Killing of civilians by Ethiopia troops no accident, say residents
March 13, 2018, Addis Ababa, Ethiopia (AFP) — Residents of a town in Ethiopia’s restive Oromia region on Monday disputed the government’s characterization of a deadly shooting that left nine civilians dead as an accident.
Ethiopian state media said Sunday that soldiers shot nine civilians near the town of Moyale on the Kenyan border after mistaking them for members of the banned Oromo Liberation Front (OLF) who were trying to sneak into the country.
But two residents who spoke to AFP said the shooting took place in an area known for its opposition to the government, and came amid worsening relations between the populace and soldiers deployed to Moyale under a nationwide state of emergency declared last month.
“The government is just disseminating misinformation,” said one resident, who spoke on condition of anonymity for fear of reprisals.
A second resident — who also did not want to be named — said the bloodshed began on Saturday after a crowd formed to separate two motorcyclists who had collided and began arguing.
“It was then a military vehicle came along. The military jumped out of the car and started shooting aimlessly, killing indiscriminately,” said the resident, who fled across the border to Kenya along with many others.
The first resident, who remains in Moyale, said he counted 10 bodies in the town’s hospital.
“Some of them were killed in their homes. Some of them were killed while they were having their lunch. Some others were killed while they were selling in their shops,” he said.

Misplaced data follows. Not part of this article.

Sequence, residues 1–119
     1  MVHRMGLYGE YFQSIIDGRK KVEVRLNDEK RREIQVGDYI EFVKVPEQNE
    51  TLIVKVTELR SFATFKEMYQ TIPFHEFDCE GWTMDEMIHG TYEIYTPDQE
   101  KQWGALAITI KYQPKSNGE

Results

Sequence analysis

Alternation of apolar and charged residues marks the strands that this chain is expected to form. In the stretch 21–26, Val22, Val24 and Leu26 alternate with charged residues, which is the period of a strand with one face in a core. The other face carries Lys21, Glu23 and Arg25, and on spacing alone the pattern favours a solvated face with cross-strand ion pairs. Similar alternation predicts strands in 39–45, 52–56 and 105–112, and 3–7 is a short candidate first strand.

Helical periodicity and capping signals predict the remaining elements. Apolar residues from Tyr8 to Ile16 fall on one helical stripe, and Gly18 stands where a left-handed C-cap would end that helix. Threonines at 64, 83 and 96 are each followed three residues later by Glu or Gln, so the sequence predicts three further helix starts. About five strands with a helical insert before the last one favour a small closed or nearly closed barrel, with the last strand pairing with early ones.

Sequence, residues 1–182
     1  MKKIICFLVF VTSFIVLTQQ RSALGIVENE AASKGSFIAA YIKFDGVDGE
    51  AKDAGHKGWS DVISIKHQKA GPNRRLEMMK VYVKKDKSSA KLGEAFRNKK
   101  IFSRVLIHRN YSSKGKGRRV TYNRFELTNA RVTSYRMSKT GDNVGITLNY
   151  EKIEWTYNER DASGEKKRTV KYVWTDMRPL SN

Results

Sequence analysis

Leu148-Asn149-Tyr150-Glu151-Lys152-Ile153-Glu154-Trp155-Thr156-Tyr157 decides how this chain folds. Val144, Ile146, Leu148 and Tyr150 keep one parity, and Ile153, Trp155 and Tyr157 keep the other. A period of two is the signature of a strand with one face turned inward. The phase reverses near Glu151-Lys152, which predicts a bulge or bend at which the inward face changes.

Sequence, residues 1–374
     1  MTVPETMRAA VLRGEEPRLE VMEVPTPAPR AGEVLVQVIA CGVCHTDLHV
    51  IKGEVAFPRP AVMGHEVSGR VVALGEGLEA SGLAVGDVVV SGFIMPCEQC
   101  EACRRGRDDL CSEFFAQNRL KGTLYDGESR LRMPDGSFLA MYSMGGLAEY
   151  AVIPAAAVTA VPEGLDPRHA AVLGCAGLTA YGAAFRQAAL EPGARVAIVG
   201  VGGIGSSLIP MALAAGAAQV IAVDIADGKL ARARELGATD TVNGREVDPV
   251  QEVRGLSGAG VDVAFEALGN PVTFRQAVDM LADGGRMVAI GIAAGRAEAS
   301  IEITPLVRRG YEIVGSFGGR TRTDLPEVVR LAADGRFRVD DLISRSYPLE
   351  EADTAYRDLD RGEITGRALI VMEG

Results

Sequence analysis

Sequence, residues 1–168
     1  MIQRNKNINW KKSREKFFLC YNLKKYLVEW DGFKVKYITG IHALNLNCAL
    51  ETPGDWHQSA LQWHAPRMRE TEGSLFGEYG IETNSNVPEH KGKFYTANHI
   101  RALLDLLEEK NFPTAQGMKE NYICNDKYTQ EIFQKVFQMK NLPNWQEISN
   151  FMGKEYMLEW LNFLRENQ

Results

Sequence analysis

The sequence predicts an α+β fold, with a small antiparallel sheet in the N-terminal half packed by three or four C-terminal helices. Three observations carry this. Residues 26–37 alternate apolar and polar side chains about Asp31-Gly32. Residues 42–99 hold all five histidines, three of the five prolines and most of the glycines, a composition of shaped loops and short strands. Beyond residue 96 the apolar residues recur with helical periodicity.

Ethiopia declared a state of emergency last month after the surprise resignation of Prime Minister Hailemariam Desalegn, who will stay in office until a successor is chosen.
Oromia was the epicentre of a protest movement against Ethiopia’s one-party rule that started in late 2015 and spread to the neighbouring Amhara region, leaving hundreds dead and resulting in tens of thousands of arrests.
A 10-month state of emergency imposed in October 2016 quelled much of that violence, but the government remains unpopular among the Oromo, Ethiopia’s largest ethnicity who inhabit Oromia.
Oromo activists called a three-day strike to protest the state of emergency last week which was observed by many businesses even though it was against the law, the resident said.
Both residents said the Shawa Barri area where the shooting happened was home to young men who were active against the government and spread word of the recent strike.
The government says five soldiers have been arrested over their role in the killings, which will be investigated by the military.